Missions as Our DNA - Justice & Mercy International

Missions as Our DNA

A Devotion from Nic Allen, Pastor at Rolling Hills Church

In John 14, Thomas exclaimed to Jesus that they didn’t know the way. Jesus responded, “I am the way and the truth and the life.” It wasn’t enough for the disciples to know that Jesus was the route to truth, but that he was truth. It wasn’t enough for Jesus to describe himself as the way to life but that he, in fact, was life.

The year was 2010. Our girls were two and three years old and we had the brilliant idea to take them on a national mission trip to New Orleans with a team from our church. The goal was a family mission trip experience and our girls were among the youngest. To say that sleeping in the upstairs Sunday school wing of a post-Katrina church building and showering in community restrooms with toddlers was an adventure would be a wildly courteous understatement. Why did we do it? Missions.

Why did we continue to do it year after year in their young lives? Missions. Somewhere along the way, God birthed a call in us and in our church to make missions (praying, giving, and going) part of the DNA of our children’s lives. Following the sage wisdom of Horace Bushnell, the father of the religious education movement in America, we gleaned as parents that we should aim to raise kids who never remember a time when they were not seeking Christ in life. Because central to seeking Christ is his Great Commission, we knew that missions had to be central to their very DNA in life. We didn’t want them to remember their first mission trip or ever recall a moment when missional living wasn’t part of everyday life and missionary going wasn’t part of their calendar every year.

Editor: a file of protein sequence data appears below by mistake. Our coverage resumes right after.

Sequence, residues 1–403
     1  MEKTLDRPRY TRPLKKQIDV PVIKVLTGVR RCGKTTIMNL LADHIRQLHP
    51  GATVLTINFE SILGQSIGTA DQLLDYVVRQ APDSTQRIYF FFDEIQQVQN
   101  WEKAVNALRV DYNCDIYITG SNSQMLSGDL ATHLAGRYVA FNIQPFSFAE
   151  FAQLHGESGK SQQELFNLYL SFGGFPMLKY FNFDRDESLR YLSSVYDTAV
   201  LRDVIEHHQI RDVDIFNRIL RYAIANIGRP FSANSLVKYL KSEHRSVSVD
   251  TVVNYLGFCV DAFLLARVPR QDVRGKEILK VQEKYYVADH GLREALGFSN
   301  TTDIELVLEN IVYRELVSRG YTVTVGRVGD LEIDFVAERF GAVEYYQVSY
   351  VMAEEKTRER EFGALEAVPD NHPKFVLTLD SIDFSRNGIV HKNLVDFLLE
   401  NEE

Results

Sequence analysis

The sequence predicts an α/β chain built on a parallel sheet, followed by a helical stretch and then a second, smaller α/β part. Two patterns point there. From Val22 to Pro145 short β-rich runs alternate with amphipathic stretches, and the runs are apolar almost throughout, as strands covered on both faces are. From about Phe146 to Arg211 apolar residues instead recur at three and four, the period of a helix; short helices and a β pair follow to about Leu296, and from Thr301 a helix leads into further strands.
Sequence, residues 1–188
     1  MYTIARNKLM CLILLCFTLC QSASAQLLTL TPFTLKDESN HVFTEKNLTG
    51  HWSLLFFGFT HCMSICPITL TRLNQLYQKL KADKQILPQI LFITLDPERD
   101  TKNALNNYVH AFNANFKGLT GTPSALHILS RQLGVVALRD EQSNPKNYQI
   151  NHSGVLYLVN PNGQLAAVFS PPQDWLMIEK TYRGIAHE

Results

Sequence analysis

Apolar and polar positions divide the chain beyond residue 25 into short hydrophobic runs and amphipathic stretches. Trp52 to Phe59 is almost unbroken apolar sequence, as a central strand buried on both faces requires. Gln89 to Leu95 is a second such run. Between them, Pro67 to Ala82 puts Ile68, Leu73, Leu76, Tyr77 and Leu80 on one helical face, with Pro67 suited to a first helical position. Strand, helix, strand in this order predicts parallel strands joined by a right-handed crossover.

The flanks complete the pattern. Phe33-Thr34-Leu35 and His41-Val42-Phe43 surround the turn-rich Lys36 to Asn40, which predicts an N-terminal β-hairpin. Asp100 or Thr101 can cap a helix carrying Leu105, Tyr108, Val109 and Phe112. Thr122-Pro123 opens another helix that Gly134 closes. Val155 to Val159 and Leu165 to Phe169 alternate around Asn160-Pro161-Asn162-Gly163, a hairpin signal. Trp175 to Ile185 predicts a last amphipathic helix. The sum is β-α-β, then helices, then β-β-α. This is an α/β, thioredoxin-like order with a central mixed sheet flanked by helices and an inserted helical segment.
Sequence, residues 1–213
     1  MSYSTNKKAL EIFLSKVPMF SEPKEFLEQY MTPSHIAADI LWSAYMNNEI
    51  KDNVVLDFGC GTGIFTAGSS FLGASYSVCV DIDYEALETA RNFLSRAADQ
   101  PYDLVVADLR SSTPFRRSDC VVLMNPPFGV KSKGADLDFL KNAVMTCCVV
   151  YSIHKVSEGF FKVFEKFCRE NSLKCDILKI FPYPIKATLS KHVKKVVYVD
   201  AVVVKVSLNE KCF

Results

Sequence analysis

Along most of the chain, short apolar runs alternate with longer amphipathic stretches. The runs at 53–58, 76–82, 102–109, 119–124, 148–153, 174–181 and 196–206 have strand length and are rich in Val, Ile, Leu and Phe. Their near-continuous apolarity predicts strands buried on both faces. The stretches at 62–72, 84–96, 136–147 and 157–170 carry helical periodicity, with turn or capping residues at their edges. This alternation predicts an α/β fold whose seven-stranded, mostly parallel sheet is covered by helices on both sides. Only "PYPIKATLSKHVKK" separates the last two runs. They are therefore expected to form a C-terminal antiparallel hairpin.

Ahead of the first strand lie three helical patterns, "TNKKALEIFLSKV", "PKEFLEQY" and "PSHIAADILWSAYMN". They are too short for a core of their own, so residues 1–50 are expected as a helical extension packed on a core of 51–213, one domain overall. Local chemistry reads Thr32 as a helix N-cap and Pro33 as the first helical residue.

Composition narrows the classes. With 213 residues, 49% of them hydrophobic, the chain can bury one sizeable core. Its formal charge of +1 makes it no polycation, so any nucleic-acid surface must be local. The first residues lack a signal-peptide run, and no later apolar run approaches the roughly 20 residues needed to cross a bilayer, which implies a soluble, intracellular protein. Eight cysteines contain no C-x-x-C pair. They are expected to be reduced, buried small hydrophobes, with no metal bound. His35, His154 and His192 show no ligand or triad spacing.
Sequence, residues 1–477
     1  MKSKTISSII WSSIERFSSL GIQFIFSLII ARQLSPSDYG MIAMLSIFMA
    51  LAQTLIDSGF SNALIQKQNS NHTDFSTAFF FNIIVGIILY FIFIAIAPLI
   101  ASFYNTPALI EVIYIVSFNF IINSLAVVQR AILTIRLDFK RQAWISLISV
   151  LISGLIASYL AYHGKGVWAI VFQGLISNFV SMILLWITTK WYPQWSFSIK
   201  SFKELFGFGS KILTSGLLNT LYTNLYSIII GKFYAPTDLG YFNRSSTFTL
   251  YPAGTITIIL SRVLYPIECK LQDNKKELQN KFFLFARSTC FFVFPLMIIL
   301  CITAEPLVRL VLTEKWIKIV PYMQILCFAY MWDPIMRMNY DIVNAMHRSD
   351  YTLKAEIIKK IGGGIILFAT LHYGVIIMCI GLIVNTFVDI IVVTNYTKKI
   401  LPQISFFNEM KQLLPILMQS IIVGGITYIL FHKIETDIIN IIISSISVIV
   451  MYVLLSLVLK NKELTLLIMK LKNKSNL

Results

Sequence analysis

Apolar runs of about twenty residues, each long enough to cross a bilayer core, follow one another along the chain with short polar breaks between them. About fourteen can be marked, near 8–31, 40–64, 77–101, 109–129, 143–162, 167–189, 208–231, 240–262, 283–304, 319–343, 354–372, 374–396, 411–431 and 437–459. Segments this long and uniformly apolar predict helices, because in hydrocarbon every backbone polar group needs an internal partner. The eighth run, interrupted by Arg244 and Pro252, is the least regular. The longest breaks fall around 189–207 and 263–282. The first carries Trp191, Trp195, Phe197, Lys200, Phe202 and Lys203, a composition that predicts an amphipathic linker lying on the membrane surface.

Fast forward to two teen girls who are fresh on the ground from summer missions in Brazil serving with JMI, and they’re busy leveraging Christmas gifts from grandparents to plan for future opportunities. The work of JMI is alive in the world taking the joy of Jesus to people in need of hope. It’s changing the trajectory of poor, orphaned, and vulnerable children and we see that in the most incredible stories. It’s also shaping the perspective of high school missionaries who are at critical junctions in their life with Jesus trying to determine their way in the world. The discipleship growth that happens on a mission trip with a gospel-centered organization simply can’t be qualified in numbers on a spreadsheet or a promotional blurb on a website. It isn’t just life-changing. It’s life.


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